Swedish operator Tele2, which seems hell-bent on cutting operational expenditure – primarily through streamlining IT operations – produced a respectable set of Q2 figures.
True, sales aren't great. Largely because of COVID-19, claimed Tele2, end-user revenue on an organic basis dipped 2% year-on-year, to 4.9 billion Swedish kroner (US$542 million).
Total revenue (organic) was also down 2% over the same period, to SEK6.7 billion ($741 million).
Where things look a little bit rosier is earnings. Due to cost reductions and "activities to mitigate the pandemic impact," said Tele2, underlying EBITDAal on an organic basis was up 4%, to SEK 2.3 billion ($254 million), compared with Q2 2019.
Despite mitigation efforts, Tele2's "underlying EBITDAaL" metric was not immune to the coronavirus. At a Group level, COVID-19 impact had a negative effect here of SEK135 million ($15 million).
Tele2 was hit in the pocket by lower international roaming, declining equipment and mobile prepaid sales, and suspension of premium sports in TV.
Outgoing CEO Anders Nilsson nonetheless had some good news for shareholders. "With a better view of the pandemic impact and a solid plan of mitigations we are reinstating our guidance for 2020 and planned extraordinary dividend," he said.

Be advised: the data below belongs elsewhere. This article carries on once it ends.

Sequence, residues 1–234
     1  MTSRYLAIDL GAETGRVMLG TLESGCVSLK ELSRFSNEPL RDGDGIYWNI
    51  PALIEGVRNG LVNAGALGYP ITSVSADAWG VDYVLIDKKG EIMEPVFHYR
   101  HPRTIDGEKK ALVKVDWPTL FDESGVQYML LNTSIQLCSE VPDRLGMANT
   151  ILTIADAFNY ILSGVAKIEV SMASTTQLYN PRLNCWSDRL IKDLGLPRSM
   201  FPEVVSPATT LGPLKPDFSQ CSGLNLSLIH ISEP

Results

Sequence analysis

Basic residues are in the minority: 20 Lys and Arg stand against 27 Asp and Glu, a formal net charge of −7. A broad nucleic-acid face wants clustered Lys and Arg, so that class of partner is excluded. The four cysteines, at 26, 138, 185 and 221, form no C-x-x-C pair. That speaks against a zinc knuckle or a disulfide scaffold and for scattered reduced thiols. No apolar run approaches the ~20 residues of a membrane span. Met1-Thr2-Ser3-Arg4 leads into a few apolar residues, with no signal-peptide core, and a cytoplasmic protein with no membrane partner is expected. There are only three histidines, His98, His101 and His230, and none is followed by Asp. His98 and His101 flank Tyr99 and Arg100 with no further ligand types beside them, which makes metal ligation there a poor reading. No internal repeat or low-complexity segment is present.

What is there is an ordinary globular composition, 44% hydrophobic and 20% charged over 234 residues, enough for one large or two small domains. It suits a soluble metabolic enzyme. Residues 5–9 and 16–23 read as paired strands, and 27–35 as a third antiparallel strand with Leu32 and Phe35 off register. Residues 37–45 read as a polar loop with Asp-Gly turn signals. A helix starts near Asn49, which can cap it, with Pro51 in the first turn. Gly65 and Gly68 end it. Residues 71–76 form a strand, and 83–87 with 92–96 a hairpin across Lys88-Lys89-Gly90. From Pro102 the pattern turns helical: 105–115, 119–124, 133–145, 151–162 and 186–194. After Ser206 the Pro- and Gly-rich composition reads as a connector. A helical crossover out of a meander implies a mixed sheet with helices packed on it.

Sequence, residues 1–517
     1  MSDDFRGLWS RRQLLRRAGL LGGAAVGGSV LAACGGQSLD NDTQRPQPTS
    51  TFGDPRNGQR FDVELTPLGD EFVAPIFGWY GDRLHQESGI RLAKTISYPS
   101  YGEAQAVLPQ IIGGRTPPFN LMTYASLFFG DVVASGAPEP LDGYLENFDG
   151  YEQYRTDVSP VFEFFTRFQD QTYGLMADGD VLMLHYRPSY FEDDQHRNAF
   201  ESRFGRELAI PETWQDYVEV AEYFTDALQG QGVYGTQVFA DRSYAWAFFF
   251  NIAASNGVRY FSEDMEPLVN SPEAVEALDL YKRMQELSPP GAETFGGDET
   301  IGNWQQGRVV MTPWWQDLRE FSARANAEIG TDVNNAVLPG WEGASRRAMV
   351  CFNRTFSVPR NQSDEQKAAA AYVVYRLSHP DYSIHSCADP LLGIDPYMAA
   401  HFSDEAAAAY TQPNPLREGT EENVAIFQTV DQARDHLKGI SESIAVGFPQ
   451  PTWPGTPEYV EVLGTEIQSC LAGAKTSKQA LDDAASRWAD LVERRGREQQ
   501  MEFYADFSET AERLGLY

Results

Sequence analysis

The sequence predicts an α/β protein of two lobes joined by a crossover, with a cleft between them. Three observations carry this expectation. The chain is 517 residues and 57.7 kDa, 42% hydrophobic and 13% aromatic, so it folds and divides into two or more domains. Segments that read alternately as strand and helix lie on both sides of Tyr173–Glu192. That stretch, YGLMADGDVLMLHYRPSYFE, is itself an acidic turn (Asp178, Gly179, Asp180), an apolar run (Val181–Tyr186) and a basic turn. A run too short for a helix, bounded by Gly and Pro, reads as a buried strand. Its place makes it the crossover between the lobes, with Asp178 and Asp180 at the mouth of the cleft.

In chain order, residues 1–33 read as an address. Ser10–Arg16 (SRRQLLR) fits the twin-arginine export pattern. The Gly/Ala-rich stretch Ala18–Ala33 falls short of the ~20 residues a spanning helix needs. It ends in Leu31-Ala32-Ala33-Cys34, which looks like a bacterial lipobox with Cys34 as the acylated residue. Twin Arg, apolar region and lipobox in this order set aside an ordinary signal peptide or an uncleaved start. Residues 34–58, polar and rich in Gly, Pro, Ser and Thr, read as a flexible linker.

When Tele2 announced its Q1 results, the operator ditched full-year guidance and postponed the extraordinary dividend of SEK 3.50 ($0.39) per share "until more clarity on the duration and impact of the pandemic."
The Tele2 board now intends to call an Extraordinary General Meeting, expected September, to approve the extraordinary dividend. The dividend will cost Tele2 a chunky SEK2.4 billion ($390 million).
Full-year guidance, which assumes a negative quarterly impact on underlying EBTIDAaL from the pandemic of SEK100-120 million ($11.1-13.3 million), is flat compared to 2019.
Capex, excluding spectrum and leasing assets, is expected in the SEK2.5-3.0 billion ($276-332 million) range.
Nilsson will step down from the Tele 2 helm on September 15. He's to be replaced by company outsider Kjell Morten Johnsen, whose resume includes stints as chief operating officer at VEON (formerly VimpleCom) and head of Telenor Europe.
One of Johnsen's main tasks will be to deliver on an existing plan to cut annual operational expenditure by "at least" SEK1 billion ($110 million) over the next three years.
— Ken Wieland, contributing editor, special to Light Reading